Last September, I emailed President Obama. His response helped me to focus on what matters. He wrote,
“Progress doesn’t come easily, and it hasn’t always followed a straight line. Keeping our world’s air, water, and land clean and safe takes work from all of us, and voices like yours are sparking the conversations that will help us get to where we need to be. I will continue pushing to protect the environment as long as I am President and beyond, and I encourage you to stay engaged as well.”
But I worry that adults will never agree on climate change. The issue has become too political. The words “climate change” have even been scrubbed from government websites! Our current President refers to climate change as “a hoax.” Most people have no interest in discussing it. Try talking about C02 levels or climate science and see how far you get. The reality is that climate change has become a matter of opinion, rather than a matter of scientific fact. It has made the opinion of the ordinary person with no scientific background equal to the findings of eminent scientists who have devoted their lives and education to the study of the problem.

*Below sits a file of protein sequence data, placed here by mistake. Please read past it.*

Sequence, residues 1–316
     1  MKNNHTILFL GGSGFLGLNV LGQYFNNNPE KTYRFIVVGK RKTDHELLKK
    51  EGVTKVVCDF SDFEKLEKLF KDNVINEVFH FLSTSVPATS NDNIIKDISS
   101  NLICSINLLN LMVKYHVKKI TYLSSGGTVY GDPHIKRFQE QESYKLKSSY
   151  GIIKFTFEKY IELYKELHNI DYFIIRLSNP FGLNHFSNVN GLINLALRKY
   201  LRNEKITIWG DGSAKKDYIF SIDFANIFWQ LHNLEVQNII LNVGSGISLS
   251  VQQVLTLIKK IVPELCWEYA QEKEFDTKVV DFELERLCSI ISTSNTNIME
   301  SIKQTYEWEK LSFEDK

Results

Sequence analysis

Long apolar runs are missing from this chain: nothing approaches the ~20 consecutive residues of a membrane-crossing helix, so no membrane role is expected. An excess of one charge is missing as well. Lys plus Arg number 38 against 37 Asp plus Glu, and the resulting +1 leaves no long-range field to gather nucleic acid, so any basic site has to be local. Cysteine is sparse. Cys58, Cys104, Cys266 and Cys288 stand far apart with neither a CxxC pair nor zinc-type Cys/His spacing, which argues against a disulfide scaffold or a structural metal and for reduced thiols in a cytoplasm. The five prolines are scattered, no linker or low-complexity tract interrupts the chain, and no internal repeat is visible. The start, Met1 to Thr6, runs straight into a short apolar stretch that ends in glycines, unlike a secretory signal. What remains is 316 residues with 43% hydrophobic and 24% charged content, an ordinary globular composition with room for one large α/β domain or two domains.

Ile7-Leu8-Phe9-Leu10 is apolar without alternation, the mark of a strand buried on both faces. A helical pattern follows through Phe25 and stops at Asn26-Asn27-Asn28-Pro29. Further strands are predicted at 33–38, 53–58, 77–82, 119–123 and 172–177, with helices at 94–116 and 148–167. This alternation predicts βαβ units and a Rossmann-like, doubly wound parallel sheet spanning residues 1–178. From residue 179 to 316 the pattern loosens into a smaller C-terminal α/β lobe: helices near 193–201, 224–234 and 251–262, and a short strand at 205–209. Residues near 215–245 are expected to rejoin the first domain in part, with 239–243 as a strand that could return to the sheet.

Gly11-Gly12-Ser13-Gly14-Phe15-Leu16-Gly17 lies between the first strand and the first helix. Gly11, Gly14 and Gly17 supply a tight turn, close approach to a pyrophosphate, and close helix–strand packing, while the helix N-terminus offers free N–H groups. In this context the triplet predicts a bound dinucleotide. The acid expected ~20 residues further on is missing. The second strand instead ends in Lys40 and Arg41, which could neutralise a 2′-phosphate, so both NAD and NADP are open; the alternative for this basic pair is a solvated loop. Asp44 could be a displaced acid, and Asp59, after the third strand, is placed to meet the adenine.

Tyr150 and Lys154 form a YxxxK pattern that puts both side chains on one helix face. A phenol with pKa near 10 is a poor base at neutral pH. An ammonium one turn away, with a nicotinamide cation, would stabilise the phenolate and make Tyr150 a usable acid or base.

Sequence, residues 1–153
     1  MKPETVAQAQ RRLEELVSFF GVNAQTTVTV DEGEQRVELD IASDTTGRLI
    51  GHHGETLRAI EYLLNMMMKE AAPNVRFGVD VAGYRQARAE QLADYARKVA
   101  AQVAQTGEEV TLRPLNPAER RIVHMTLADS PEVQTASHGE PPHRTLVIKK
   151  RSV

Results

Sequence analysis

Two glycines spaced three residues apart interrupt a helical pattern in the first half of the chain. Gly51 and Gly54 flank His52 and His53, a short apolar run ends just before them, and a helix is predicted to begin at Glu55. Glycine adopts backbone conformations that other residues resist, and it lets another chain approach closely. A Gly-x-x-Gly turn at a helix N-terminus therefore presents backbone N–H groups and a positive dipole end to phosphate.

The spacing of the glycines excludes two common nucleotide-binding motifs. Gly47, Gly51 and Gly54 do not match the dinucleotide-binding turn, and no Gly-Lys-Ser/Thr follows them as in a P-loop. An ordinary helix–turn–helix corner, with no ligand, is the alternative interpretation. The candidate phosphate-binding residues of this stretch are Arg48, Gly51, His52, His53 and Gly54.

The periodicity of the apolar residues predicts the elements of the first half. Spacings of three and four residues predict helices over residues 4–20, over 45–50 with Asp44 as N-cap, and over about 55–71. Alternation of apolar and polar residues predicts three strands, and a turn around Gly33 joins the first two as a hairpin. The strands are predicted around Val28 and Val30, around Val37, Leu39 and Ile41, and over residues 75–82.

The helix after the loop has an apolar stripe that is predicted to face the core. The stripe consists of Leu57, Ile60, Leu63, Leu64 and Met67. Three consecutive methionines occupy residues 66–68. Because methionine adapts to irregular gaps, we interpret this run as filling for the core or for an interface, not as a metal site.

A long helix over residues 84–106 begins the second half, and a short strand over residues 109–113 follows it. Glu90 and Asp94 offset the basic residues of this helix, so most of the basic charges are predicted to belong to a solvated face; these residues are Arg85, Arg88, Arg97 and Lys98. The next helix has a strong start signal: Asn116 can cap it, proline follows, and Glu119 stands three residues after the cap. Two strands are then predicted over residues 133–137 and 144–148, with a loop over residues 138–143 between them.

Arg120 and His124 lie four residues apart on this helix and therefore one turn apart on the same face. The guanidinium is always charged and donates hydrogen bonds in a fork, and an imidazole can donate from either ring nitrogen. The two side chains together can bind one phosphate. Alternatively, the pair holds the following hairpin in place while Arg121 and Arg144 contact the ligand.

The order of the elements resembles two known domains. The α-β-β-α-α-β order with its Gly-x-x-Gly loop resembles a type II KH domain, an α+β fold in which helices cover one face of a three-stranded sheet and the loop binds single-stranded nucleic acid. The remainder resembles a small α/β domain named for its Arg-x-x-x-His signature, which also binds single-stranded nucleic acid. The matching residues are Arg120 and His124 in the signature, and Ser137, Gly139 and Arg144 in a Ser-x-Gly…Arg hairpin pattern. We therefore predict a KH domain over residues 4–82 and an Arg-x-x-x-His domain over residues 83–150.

Only 27 percent of Americans surveyed in a 2016 Pew study agreed with the statement that, “almost all” climate scientists believe climate change is real and primarily caused by humans. Contrast this to multiple peer-reviewed scientific studies finding that 97 percent of climate scientists believe climate change is real and that humans are the main contributor. In an age of alternative facts and a distrust of science, how do we talk about climate change and the need for action without turning people off?
Stanford Professor Rob Jackson thinks we should stop arguing over climate change and start talking about the shared benefits of addressing problems, like health, green energy jobs, and safety. My experience tells me that he is right.
Six years ago, just before I turned 10, I started a non-profit called Kids Eco Club to inspire kids to care for the planet, its wildlife and each other. It starts and supports environmental…